Good Cop Time: The Fed's Voting Voice Of Reason Explains His Objection To QE4EVA

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The Richmond Fed's Jeffrey Lacker, a 2012 voting member of the FOMC, who has so far been the sole objector to the Fed's policy of exiting a hole by continuing to dig deeper, has released his traditional "good cop" response to Bernanke's QE4EVA plan. The highlights: "I disagreed with the Committee’s decision to continue purchasing additional assets to stimulate the economy. With economic activity growing at a modest pace and inflation fluctuating close to 2 percent — the Committee’s inflation goal — further monetary stimulus runs the risk of raising inflation and destabilizing inflation expectations....Deliberately tilting the flow of credit to one particular economic sector is an inappropriate role for the Federal Reserve....I have dissented previously against the use of date-based forward guidance, and I supported the decision to drop such language at the December meeting....monetary policy has only a limited ability to reduce unemployment, and such effects are transitory and generally short-lived. Moreover, a single indicator cannot provide a complete picture of labor market conditions. Therefore, I do not believe that tying the federal funds rate to a specific numerical threshold for unemployment is an appropriate and balanced approach to the FOMC’s price stability and maximum employment mandates." Of course, his objection is duly noted, and summarily rejected and forgotten.

Full statement:

Richmond Fed President Lacker Comments on FOMC Dissent

“The Federal Open Market Committee (FOMC) decided on December 12, 2012, to ‘continue purchasing additional agency mortgage-backed securities at a pace of $40 billion per month.’ The Committee also stated it will purchase longer-term Treasury securities after its program to extend the average maturity of its holdings of Treasury securities is completed at year-end, initially at a pace of $45 billion per month. I disagreed with the Committee’s decision to continue purchasing additional assets to stimulate the economy. With economic activity growing at a modest pace and inflation fluctuating close to 2 percent — the Committee’s inflation goal — further monetary stimulus runs the risk of raising inflation and destabilizing inflation expectations.

“I also objected to the continuing purchase of agency mortgage-backed securities. If asset purchases are appropriate, the FOMC should confine its purchases to U.S. Treasury securities. Purchasing agency mortgage-backed securities can be expected to reduce borrowing rates for conforming home mortgages by more than it reduces borrowing rates for nonconforming mortgages or for other borrowing sectors, such as small business, autos or unsecured consumer loans. Deliberately tilting the flow of credit to one particular economic sector is an inappropriate role for the Federal Reserve. As stated in the Joint Statement of the Department of Treasury and the Federal Reserve on March 23, 2009, ‘Government decisions to influence the allocation of credit are the province of the fiscal authorities.’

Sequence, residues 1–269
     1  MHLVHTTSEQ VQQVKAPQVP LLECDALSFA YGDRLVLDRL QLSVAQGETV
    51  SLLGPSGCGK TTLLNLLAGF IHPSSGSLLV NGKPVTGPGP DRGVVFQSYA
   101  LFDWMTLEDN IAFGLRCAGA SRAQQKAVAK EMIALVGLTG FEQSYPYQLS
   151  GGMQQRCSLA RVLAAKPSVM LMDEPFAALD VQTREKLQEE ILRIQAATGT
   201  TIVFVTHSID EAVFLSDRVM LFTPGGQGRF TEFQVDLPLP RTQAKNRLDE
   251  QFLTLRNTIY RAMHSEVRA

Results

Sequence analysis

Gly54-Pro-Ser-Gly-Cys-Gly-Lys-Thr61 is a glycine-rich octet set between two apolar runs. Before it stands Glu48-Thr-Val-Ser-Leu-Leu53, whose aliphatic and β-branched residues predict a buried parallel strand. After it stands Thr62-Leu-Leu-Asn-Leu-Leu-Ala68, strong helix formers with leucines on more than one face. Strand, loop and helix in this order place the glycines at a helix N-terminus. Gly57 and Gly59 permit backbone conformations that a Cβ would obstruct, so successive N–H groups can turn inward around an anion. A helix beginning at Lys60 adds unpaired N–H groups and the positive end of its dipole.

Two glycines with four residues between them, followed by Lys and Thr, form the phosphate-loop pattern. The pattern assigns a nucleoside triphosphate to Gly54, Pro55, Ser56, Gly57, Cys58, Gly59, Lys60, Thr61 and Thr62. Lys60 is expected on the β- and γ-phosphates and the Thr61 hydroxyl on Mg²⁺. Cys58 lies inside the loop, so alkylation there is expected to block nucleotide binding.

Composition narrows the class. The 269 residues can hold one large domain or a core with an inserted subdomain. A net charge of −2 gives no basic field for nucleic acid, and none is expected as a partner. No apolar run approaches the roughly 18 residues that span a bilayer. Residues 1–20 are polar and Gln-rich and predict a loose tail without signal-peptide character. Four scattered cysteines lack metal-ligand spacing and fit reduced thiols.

“The Committee also altered its description of its expectations regarding future interest rate changes, replacing its previous date-based forward guidance with guidance based on numerical thresholds. Specifically, the Committee said it anticipates the current ‘exceptionally low’ target range for the federal funds is likely to remain appropriate ‘at least as long as the unemployment rate remains above 6.5 percent, the inflation rate over the next one to two years is projected to be no more than half a percentage point above its 2 percent longer-run goal, and longer-term inflation expectations continue to be well anchored.’ I have dissented previously against the use of date-based forward guidance, and I supported the decision to drop such language at the December meeting.

“I agree that it’s useful for the Committee to describe how its future actions are likely to depend on the evolving state of the economy. However, monetary policy has only a limited ability to reduce unemployment, and such effects are transitory and generally short-lived. Moreover, a single indicator cannot provide a complete picture of labor market conditions. Therefore, I do not believe that tying the federal funds rate to a specific numerical threshold for unemployment is an appropriate and balanced approach to the FOMC’s price stability and maximum employment mandates. I would prefer to describe in qualitative terms the economic conditions under which our monetary policy stance is likely to change.